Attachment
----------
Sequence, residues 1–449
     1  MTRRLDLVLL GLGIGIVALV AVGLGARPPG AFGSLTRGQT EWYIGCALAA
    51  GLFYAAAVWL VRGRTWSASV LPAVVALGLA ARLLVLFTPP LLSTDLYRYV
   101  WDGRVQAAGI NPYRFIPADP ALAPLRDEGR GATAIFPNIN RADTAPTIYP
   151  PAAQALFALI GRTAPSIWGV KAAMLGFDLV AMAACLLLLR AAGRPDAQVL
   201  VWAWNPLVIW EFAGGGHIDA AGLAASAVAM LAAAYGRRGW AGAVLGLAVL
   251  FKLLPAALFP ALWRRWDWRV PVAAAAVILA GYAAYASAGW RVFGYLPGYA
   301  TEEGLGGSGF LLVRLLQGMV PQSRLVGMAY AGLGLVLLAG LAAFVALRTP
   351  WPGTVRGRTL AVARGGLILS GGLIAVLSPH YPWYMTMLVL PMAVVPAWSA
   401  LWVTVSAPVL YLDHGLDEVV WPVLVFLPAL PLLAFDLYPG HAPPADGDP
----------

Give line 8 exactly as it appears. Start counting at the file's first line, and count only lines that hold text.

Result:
   301  TEEGLGGSGF LLVRLLQGMV PQSRLVGMAY AGLGLVLLAG LAAFVALRTP